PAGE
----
With email marketing, you‘re reaching people who’ve already expressed an interest in your business. This puts you in a great position to build relationships, promote your products, and share offers. You can also set up trigger emails when someone completes an action, such as making a purchase or downloading a content offer.
Looking to bulk up your email list? Check out this helpful guide.
Social media marketing
These days, consumers expect brands to have an online presence — so if you haven’t already, sign up for a business profile on a few social media sites.
Once you’re up and running, you can begin to share content. Experiment with different types of content until you have a better idea of what gets the most traction. Remember that social media is all about connection, so interact with customers, initiate conversations, and leverage user-generated content. These tactics can help you foster relationships and build loyalty around your brand without spending a dime.
However, if you decide to run paid ads, social media offers incredible reach that can generate immediate results.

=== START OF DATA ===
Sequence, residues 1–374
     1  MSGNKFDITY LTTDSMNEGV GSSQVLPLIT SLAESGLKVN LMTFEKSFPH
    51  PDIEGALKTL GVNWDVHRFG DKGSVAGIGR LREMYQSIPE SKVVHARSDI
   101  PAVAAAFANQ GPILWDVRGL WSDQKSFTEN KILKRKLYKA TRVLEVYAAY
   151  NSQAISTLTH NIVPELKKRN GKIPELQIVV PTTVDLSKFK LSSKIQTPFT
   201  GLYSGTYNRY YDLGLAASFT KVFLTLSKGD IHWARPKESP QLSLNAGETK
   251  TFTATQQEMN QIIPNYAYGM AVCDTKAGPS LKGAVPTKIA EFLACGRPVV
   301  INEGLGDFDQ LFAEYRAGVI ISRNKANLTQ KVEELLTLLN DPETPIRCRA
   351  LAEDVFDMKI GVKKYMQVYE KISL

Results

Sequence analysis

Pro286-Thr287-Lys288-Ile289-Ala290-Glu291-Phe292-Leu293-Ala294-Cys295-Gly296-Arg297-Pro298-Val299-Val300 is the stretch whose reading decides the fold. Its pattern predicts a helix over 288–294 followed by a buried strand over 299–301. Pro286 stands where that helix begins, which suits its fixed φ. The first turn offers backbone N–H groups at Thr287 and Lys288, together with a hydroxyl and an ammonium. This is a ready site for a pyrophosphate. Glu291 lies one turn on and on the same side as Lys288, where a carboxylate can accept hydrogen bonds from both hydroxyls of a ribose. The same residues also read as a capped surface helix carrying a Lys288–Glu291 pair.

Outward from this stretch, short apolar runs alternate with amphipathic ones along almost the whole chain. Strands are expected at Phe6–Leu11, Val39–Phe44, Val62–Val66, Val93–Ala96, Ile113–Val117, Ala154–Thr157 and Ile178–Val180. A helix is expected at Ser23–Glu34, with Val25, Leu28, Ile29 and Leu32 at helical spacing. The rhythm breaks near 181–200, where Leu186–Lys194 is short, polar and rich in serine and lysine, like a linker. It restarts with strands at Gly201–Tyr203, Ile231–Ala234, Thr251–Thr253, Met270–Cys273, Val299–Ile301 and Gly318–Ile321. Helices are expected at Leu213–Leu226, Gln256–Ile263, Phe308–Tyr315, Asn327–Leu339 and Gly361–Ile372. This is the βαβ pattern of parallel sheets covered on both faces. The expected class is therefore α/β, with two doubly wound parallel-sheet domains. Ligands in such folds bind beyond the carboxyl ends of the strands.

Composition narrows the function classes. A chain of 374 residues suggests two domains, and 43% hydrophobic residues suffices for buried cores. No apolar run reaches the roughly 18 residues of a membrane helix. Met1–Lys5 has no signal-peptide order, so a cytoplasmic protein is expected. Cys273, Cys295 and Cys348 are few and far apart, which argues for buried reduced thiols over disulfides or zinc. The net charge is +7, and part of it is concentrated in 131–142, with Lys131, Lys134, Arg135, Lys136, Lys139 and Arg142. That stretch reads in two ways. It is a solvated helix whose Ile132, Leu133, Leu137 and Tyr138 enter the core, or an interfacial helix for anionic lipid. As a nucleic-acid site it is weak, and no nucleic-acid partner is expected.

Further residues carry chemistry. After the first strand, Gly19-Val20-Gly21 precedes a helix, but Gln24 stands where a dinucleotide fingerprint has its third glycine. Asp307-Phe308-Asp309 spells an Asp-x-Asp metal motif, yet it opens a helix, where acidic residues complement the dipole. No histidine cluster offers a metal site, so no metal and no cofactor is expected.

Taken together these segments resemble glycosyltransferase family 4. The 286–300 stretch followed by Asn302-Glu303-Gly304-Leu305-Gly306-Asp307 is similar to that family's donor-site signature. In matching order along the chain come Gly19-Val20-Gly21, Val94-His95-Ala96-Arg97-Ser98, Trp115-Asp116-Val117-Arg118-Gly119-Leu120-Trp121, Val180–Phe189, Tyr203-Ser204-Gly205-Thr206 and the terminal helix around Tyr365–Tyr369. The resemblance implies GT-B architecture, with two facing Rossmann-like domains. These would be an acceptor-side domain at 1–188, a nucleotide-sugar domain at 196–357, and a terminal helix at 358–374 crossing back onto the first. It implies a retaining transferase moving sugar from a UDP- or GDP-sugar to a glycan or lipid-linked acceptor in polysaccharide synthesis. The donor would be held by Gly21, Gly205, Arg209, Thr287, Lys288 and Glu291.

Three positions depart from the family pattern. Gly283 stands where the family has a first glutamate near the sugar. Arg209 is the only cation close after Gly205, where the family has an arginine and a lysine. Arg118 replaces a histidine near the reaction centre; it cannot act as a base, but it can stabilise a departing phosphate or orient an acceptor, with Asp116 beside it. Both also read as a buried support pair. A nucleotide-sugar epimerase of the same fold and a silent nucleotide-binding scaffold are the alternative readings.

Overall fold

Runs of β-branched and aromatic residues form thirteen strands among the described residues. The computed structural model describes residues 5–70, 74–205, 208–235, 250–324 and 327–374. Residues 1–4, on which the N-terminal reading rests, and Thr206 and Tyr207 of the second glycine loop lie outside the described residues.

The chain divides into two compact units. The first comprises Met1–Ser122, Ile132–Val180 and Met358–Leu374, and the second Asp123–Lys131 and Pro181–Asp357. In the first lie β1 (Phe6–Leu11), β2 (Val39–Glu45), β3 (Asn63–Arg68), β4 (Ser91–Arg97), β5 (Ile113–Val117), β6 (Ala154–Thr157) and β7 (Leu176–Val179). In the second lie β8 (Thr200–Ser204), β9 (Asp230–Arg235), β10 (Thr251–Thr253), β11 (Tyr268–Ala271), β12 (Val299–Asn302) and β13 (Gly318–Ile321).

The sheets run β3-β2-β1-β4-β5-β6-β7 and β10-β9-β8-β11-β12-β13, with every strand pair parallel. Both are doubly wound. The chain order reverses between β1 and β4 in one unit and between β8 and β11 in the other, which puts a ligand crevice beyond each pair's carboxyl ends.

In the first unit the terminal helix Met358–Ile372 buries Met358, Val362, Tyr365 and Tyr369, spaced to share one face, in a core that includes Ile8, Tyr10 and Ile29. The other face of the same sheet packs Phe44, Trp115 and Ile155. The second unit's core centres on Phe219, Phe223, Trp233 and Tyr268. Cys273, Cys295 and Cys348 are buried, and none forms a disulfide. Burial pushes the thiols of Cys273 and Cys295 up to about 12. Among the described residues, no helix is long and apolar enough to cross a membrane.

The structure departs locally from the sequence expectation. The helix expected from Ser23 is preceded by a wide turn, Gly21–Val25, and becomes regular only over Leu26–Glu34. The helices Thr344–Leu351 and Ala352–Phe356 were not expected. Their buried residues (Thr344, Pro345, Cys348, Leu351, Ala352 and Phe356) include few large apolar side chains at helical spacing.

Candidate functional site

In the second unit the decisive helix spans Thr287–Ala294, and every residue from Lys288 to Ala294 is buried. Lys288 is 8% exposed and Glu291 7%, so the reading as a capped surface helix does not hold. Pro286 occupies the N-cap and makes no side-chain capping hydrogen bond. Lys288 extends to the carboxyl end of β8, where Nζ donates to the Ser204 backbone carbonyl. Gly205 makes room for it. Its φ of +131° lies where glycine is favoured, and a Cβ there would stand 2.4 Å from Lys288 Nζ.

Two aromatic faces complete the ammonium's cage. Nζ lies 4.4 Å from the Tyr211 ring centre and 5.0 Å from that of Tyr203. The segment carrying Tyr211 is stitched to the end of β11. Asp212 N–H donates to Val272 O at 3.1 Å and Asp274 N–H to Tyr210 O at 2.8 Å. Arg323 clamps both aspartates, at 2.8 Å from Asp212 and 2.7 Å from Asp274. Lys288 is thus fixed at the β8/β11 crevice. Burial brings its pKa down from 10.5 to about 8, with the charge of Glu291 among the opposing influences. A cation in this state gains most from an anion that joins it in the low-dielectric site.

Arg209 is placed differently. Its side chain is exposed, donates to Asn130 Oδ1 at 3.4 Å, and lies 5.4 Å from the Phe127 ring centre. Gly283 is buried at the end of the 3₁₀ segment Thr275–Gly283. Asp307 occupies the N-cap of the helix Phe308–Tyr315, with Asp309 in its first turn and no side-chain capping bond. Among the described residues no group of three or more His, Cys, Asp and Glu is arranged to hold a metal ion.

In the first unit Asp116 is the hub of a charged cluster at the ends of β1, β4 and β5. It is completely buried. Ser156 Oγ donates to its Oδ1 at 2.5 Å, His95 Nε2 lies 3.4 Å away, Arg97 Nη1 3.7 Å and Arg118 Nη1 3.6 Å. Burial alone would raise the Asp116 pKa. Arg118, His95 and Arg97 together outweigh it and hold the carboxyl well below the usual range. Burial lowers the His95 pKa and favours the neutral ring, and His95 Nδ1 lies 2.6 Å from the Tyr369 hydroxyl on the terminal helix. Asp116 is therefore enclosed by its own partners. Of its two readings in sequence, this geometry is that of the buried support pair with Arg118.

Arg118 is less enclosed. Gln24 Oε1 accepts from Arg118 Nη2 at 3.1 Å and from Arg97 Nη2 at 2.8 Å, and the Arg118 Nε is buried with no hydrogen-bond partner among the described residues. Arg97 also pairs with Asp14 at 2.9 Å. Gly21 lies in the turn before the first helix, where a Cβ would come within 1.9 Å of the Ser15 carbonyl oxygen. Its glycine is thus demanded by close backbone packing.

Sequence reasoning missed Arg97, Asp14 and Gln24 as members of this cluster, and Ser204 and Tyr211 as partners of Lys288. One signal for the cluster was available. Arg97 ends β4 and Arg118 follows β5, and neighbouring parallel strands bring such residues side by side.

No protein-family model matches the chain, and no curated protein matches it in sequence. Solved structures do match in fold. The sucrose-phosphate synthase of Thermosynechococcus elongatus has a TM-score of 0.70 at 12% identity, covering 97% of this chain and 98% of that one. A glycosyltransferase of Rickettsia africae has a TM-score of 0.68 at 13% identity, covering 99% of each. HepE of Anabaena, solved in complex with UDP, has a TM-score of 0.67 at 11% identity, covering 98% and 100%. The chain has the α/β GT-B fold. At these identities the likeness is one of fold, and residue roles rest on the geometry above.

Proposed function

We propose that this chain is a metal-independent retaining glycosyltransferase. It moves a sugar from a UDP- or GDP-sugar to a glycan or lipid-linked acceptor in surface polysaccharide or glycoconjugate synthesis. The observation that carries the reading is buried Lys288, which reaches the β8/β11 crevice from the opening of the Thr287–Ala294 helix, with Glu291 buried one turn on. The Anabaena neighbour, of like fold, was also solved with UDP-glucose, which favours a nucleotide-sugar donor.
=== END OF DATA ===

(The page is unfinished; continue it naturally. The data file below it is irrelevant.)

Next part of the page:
Platforms like Facebook, Instagram, Twitter, and LinkedIn provide advanced ad targeting, enabling you to narrow down your audience based on demographics, interests, and behaviors. And with flexible budgeting options, you can allocate your budget strategically and maximize your ROI.
One of the biggest benefits of online advertising is that it’s often cheaper than traditional advertising. Consider TV ads, which cost anywhere from thousands of dollars to even millions.
Now, think of an ad running on social media for $1 a day, and you can see why online advertising is a great option for small businesses.
Online advertising encompasses a few areas, including:
- Display ads: these include banner ads, images, and videos that you can buy on Google Ads.